It was, however, Baker’s great energy and enthusiasm for theater that mattered most. His true gift lay in his ability to infuse that same enthusiasm in others—to inspire them. Looking back from the perspective of the 1950’s, John Mason Brown noted that it was in such intangible contributions that Baker had a truly durable impact. According to Brown, most of the plays written in the 47 Workshop classes were actually very bad, even the ones written by playwrights who would later become very good at their craft, but Baker’s great patience and encouragement helped his charges through a painful artistic infancy and left them with a lasting faith in themselves. In his earlier eulogy on Baker, O’Neill made a similar assessment. In addition to giving O’Neill and his fellow students a belief in their work, Baker gave them hope. As O’Neill wrote, this was a gift for which “we owe him all the finest we have in memory of gratitude and friendship.” 47 Workshop[Forty Seven Workshop] Theater;playwriting

Further Reading
  • citation-type="booksimple"

    xlink:type="simple">Baker, George Pierce. Dramatic Technique. 1919. Whitefish, Mont.: Kessinger, 2005. A handbook for playwrights, stressing techniques learned from studying established works and their compositional design. Still regarded as a classic, it has influenced many succeeding guides to the playwright’s craft.
  • citation-type="booksimple"

    xlink:type="simple">Gelb, Arthur, and Barbara Gelb. O’Neill: Life with Monte Cristo. New York: Applause Theater Books, 2002. The definitive biography on Eugene O’Neill. A good source for readers interested in learning more about Baker’s influence on his most famous student.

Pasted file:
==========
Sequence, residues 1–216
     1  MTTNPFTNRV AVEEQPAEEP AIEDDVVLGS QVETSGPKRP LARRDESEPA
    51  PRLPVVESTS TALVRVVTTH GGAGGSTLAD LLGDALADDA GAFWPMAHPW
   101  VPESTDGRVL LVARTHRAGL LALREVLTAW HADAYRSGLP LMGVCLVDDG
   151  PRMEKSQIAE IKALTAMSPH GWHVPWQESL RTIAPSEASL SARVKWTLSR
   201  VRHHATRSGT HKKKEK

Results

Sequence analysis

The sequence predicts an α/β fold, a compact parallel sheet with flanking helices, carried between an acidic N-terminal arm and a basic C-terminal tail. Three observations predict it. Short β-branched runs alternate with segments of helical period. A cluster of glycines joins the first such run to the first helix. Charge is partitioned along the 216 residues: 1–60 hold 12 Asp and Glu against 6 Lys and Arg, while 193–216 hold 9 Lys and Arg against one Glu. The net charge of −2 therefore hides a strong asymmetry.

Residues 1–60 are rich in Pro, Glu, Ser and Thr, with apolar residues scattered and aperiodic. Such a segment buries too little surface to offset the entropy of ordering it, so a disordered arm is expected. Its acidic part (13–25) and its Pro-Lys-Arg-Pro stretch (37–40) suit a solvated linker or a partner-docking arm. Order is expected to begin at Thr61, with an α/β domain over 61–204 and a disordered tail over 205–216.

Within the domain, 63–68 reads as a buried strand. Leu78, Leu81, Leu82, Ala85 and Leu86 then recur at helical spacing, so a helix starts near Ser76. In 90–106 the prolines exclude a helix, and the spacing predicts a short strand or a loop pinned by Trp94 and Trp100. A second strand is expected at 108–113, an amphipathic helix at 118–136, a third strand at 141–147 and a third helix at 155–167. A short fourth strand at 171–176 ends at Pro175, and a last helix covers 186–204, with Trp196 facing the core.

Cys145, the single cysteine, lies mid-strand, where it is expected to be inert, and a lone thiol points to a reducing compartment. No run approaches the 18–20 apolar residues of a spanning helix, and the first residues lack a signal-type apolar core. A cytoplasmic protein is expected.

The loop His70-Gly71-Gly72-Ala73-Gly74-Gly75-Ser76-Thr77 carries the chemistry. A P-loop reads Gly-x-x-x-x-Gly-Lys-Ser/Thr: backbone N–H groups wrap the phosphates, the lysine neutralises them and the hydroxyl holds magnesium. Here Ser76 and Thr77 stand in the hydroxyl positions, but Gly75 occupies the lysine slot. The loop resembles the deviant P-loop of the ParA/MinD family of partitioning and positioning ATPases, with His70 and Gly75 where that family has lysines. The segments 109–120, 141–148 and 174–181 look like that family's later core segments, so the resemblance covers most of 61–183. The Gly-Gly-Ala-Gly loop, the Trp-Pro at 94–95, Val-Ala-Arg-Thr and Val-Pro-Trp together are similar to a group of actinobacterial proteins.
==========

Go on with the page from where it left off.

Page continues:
• citation-type="booksimple"

    xlink:type="simple">Kinne, Wisner Payne. George Pierce Baker and the American Theatre. 1954. Reprint. New York: Greenwood Press, 1968. A rare book-length study of Baker and his significance in the development of the American theater, written by one of his students. Includes an important introduction by George Mason Brown, the texts of several letters, and a bibliography of Baker’s works.
  • citation-type="booksimple"

    xlink:type="simple">Meserve, Walter J. An Outline History of American Drama. Totowa, N.J.: Littlefield, Adams, 1965. A good, expanded checklist of playwrights, works, trends, and influences in the history of American drama, placing Baker’s contributions in the larger context of theater in the United States from its beginnings forward. Excellent for reviewing the history of drama in the United States. Minimal bibliography.
  • citation-type="booksimple"

    xlink:type="simple">Sarlós, Robert Károly. Jig Cook and the Provincetown Players. Amherst: University of Massachusetts Press, 1982. An account of the founding and history of the theater in which Eugene O’Neill first gained recognition. Serves as an informative parallel study to Kinne’s book. Includes an index to the persons involved and a chronology of works staged from 1915 through 1922.
  • citation-type="booksimple"

    xlink:type="simple">Wilson, Garff B. Three Hundred Years of American Drama and Theatre, from “Ye Baare and Ye Cubb” to “Hair.” Englewood Cliffs, N.J.: Prentice-Hall, 1973. An overview of the development of drama and theater in the United States to the 1960’s, but in greater depth than Meserve’s work. A recommended guide for serious students of American drama, also placing Baker and the 47 Workshop in proper focus. Includes a helpful selective bibliography.